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carolina blackworms...


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#61 gerald

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  • Wake Forest, North Carolina

Posted 26 April 2017 - 09:18 AM

Have you checked with local state/private game fish farms?  They may have blackworms in their raceways and settling ponds (they'd call them trout-worms).  Of course, worms raised without fish would be safer in terms of disease risk.

 

Hey Auban, great to see you around again! I've been away from the forum for quite a while also (though certainly not nearly as far away!) 

 

I was just talking about this thread the other day because I've just recently started working at Conservation Fisheries raising native fish, and we go through A LOT of blackworms. However, the drought in California has pretty much shut down production of Blackworms from out that way, and we've had to switch to someone that raises them here in the east, but have not exactly been thrilled by the quality of service. If you find a way to produce these things, I can pretty much promise you there'd be a market for you. And once I get settled here, if I can manage to find a place where I can toy with ponds sometime, I'd love to seed mine with some worms and see how they do. There's a mystery here and someone needs to crack these things so they can be accessible from more than two sources in the entire country :)


Gerald Pottern
-----------------------
Hangin' on the Neuse
"Taxonomy is the diaper used to organize the mess of evolution into discrete packages" - M.Sandel


#62 Auban

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Posted 13 July 2017 - 10:42 PM

Glad to see you around here again! I didn't post much before your deployments but yours is definitely a familiar handle.
I know you've got a lot on your mind after being on deployment for so long, but I was curious if a 9v battery would have the same worm-scattering effect as the DC power supplies. It might be considerably safer and simpler to make two pieces of copper wire into an electro-worming probe that can be connected to the terminals of a 9V than to mess with AC power.


To be honest, I have no idea. I will have to try it someday. I would say go for it. Try it. I have no idea when I'll get around to trying it.
"The ecologist is continually having to look at the aspects of nature with which he is unfamiliar and perforce must be an amateur for much of his working time.... professionals may carp at omissions, misconstructions, or even downright errors in these pages. perhaps ultimately they may forgive them for the sake of the overall vision that only the amateur, or the ecologist, blithely sets out to experience."G. Evelyn Hutchinson

#63 Auban

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Posted 13 July 2017 - 10:58 PM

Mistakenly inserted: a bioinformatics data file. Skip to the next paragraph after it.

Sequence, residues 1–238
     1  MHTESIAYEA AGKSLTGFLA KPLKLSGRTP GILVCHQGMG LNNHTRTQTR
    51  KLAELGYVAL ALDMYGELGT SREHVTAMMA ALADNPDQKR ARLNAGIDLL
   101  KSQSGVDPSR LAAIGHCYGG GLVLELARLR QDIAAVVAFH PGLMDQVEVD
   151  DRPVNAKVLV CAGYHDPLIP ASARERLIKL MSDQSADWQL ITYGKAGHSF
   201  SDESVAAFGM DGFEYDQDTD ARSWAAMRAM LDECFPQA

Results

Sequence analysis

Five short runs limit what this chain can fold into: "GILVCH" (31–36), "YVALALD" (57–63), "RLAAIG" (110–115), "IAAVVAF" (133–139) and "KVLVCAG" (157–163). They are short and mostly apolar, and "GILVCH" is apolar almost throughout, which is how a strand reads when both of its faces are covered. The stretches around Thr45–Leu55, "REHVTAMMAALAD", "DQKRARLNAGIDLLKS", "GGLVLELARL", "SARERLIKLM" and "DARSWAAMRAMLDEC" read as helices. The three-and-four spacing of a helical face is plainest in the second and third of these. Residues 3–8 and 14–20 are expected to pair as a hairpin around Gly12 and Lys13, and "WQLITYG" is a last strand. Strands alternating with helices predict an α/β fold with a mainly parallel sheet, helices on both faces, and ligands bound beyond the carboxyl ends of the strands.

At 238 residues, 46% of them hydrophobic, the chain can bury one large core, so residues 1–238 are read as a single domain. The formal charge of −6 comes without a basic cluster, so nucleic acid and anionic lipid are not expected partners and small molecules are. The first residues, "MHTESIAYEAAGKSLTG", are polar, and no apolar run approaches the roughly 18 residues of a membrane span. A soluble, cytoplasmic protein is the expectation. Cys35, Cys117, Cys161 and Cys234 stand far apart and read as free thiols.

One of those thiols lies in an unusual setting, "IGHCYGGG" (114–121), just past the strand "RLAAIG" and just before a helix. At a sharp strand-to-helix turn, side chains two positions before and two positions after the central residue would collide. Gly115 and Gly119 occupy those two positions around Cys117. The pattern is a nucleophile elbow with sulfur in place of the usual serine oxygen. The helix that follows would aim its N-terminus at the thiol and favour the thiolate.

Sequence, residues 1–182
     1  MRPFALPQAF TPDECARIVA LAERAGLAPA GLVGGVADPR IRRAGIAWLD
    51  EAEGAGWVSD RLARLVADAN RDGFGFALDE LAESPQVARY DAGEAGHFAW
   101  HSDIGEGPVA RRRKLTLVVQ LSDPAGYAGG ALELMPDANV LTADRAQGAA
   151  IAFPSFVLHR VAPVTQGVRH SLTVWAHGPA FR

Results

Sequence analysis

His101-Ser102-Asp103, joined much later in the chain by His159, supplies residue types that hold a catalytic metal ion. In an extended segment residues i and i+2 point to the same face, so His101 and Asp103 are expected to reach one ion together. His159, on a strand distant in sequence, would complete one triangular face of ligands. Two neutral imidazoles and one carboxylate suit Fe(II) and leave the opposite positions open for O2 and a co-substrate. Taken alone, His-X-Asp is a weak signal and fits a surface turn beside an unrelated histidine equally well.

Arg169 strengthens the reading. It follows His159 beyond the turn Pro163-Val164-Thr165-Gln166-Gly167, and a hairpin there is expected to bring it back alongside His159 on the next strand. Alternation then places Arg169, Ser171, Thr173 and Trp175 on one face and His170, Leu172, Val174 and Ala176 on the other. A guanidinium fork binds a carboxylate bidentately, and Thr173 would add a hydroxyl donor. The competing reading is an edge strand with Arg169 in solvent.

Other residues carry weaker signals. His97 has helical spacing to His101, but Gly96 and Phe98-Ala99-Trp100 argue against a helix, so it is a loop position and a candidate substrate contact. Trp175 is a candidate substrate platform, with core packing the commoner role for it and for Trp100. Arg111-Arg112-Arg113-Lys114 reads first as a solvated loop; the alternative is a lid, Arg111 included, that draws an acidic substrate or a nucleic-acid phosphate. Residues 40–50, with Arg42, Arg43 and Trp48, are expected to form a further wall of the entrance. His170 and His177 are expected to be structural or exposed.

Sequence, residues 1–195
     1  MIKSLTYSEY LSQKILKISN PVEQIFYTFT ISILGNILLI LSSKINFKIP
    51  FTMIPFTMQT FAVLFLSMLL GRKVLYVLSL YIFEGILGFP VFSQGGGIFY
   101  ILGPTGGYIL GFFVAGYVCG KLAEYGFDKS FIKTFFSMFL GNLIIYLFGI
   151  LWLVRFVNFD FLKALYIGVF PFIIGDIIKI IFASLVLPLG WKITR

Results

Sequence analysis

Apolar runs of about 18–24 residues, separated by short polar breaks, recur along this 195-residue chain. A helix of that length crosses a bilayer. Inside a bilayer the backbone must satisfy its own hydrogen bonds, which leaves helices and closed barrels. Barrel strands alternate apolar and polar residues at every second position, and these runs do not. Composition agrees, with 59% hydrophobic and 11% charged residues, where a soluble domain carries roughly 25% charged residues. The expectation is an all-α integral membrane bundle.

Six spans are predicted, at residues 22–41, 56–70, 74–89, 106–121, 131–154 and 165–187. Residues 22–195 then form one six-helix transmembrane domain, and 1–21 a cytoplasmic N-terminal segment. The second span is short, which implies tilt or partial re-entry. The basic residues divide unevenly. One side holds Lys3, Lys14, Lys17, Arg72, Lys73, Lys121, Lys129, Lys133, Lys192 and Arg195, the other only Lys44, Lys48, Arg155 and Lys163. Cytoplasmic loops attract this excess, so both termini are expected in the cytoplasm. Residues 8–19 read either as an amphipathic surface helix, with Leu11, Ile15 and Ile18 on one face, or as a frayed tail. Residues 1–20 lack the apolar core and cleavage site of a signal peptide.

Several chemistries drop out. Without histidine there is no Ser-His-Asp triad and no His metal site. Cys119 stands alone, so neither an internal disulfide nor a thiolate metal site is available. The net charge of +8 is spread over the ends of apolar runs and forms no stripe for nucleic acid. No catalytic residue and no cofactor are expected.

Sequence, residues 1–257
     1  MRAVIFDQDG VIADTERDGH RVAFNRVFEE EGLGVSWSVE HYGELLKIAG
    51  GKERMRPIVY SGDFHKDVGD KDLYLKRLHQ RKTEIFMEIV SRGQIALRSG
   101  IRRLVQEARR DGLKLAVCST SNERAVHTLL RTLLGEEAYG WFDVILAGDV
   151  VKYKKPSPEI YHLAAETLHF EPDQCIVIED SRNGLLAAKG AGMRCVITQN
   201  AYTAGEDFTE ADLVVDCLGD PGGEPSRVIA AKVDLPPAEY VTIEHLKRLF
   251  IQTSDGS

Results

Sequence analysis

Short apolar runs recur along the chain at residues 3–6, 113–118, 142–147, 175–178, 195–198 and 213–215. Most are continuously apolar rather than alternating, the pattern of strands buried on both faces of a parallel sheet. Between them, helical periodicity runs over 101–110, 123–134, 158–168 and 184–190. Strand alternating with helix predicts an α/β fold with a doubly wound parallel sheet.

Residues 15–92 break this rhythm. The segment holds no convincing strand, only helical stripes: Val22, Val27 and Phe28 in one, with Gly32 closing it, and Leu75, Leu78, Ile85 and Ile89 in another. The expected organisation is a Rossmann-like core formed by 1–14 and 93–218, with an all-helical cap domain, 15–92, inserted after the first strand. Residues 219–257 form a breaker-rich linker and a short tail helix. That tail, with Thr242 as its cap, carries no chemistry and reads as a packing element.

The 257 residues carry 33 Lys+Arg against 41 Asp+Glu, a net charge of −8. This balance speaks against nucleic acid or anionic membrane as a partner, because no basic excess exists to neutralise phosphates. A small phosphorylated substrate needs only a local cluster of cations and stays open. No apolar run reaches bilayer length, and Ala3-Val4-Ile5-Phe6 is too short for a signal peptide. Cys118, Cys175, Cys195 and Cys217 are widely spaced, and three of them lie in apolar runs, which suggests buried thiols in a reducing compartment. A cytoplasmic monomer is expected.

Hey Auban, great to see you around again! I've been away from the forum for quite a while also (though certainly not nearly as far away!) 
 
I was just talking about this thread the other day because I've just recently started working at Conservation Fisheries raising native fish, and we go through A LOT of blackworms. However, the drought in California has pretty much shut down production of Blackworms from out that way, and we've had to switch to someone that raises them here in the east, but have not exactly been thrilled by the quality of service. If you find a way to produce these things, I can pretty much promise you there'd be a market for you. And once I get settled here, if I can manage to find a place where I can toy with ponds sometime, I'd love to seed mine with some worms and see how they do. There's a mystery here and someone needs to crack these things so they can be accessible from more than two sources in the entire country :)

Lol, it would be awesome if someone could farm them from a local wild source. Unfortunately, I don't believe that I will even be able to attempt it until I get out of the army. As it is, I have already been on four TDY's since I got back. I might be leaving for another deployment in a few weeks.

When it's all put together, I usually get about two and a half months at home every year.

The most recent word is that I will be afforded the opportunity to actually get the training to properly do what I have been doing(i have been winging it) for the last two years. I intend to take that opportunity. If you ever get some ponds, I'll be more than happy to send you some worms. I would warn you though... since I am usually away from home, I probably won't be the one packaging them. As such, I CANNOT guarantee their live arrival. I have tried as sending world before through someone else and it didn't turn out well...

Edited by Auban, 13 July 2017 - 11:00 PM.

"The ecologist is continually having to look at the aspects of nature with which he is unfamiliar and perforce must be an amateur for much of his working time.... professionals may carp at omissions, misconstructions, or even downright errors in these pages. perhaps ultimately they may forgive them for the sake of the overall vision that only the amateur, or the ecologist, blithely sets out to experience."G. Evelyn Hutchinson

#64 Auban

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Posted 13 July 2017 - 11:16 PM